Breed Organization Tibetan Terrier Club of America Website: http://www.ttca-online.org Native Country Tibet Other Names Tibetan Terrier, Tsang Apso, Phassa Terrier, Holy Dog of Tibet, Luck Giver Life Expectancy Approximately 12-15 Years Litter Size Average 5-8 Puppies Breed Group AKC Non-Sporting
Breed Appearance Fully grown, the Tibetan Terrier resembles a miniaturized Old English Sheepdog. The head is moderate, with a strong muzzle of medium length, and a
skull neither rounded nor flat. The eyes are large, dark, and set fairly far apart. The V-shaped drop ears are well feathered, and should be set high on the sides of the
skull. Although the preferred colour for the nose is black, in showdogs, they are also sometimes brown. The body is well muscled and compact. The length of the back
should be equal to the height at the withers, giving the breed its typical square look. The tail is set high, well feathered, and carried in a curl over the back. One
of the more unusual features of the Tibetan Terrier is the broad, flat feet with hair between the toes. They are ideal for climbing mountains and act as natural snow shoes.
Despite its name, it is not a member of the terrier group.
Breed Description Head: Medium in length. Skull not completely flat. Pronounced stop. Strong muzzle. Well-developed lower jaw with a slight beard.
Black nose. Ears: Not too large, forming a V. Pendulous but not too close to the head, with heavy feathering. Eyes: Large, round, dark brown. Veiled with long hair. Body: Square build, compact, muscular. Well-developed neck. Short, slightly arched loin. Tail: Set on fairly high, medium in length, carried gaily, curled over the back. Very well-furnished with hair. Hair: Long and fine but neither silky nor woolly. Straight or wavy, but not curly. Fine, woolly undercoat. Coat: White, golden, cream, grey, or smokey, black, parti-color, and tricolor. Chocolate and liver (brown) are undesirable. Size: Various Weight: Various
History This very ancient breed resembling both a miniature Old English Sheepdog and a Lhasa Apso comes from Tibet, where he was once kept by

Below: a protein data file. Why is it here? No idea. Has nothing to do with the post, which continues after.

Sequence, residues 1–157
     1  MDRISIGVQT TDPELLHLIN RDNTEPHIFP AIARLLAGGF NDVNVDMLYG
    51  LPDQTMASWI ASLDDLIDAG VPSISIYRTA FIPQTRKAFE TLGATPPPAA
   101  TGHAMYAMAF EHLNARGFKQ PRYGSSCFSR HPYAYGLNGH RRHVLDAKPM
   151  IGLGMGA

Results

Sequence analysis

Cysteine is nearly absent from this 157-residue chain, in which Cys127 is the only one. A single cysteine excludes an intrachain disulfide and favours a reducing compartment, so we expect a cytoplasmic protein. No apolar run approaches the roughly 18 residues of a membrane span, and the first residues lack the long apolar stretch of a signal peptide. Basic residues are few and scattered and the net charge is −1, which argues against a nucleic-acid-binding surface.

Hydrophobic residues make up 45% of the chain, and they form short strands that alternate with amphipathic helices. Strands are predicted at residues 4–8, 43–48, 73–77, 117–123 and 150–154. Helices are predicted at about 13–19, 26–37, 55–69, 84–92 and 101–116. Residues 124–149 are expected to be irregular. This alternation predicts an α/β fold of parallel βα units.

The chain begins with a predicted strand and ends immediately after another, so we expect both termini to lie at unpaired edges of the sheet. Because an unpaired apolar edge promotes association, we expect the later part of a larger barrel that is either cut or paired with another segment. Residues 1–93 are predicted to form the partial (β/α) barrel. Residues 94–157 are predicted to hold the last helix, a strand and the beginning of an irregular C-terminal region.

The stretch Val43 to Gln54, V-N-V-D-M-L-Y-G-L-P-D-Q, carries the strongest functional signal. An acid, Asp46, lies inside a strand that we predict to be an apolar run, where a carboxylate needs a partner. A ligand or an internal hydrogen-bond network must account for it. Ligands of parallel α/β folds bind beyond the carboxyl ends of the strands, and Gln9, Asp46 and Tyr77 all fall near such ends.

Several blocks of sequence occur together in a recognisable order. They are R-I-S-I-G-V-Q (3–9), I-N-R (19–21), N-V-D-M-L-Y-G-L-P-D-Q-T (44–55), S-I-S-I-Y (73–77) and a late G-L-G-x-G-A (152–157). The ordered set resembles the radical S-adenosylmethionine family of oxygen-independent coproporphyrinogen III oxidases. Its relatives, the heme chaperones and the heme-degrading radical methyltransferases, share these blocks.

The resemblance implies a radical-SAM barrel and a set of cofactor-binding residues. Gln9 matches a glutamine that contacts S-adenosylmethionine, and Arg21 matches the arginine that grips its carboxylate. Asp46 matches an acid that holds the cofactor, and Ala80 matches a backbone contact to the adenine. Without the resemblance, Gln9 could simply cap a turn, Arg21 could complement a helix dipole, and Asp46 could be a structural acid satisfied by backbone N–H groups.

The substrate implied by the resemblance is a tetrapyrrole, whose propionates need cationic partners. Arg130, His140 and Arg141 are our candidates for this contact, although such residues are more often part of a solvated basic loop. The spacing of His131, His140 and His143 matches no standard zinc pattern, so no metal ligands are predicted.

monks. He was actually worshiped as a sacred animal and a guardian of temples. Around 1920, a Tibetan princess gave Dr. Greig, her British
doctor, a pair of Tibetan Terriers as a gift. He brought them back to England, where they were used to develop the European strain. The breed
was officially recognized in 1930. The Tibetan Terrier is still very uncommon in Europe.
Behavior The temperament has been one of the most attractive aspects of the breed since it was first established. They are amiable and affectionate
family dogs, sensitive to their owners and gentle with older children if properly introduced. As is fitting for a dog formerly used as a watch dog, they tend to
be reserved around strangers, but should never be aggressive nor shy with them. Though not prone to excessive barking, the Tibetan Terrier has an assertive bark.
Suitable for apartment living, the Tibetan is still an energetic and surprisingly strong dog, and needs regular exercise. The energy level of the Tibetan is moderate to
high and its general nature is happy, active, lively, intelligent and agile. As a result, they are well suited for dog sports such as agility. They are steadfast,
determined, and clever, which can lead to them being stubborn. Tibetan Terriers are usually charming and loyal. Some dogs of this breed can often be jealous, which
can make it hard to live with another pet.
Health This breed can be very flea sensitive. Also prone to progressive retinal atrophy (PRA) and hip dysplasia.
Advice He can live in an apartment. He is athletic and needs exercise. He also requires daily brushing and combing.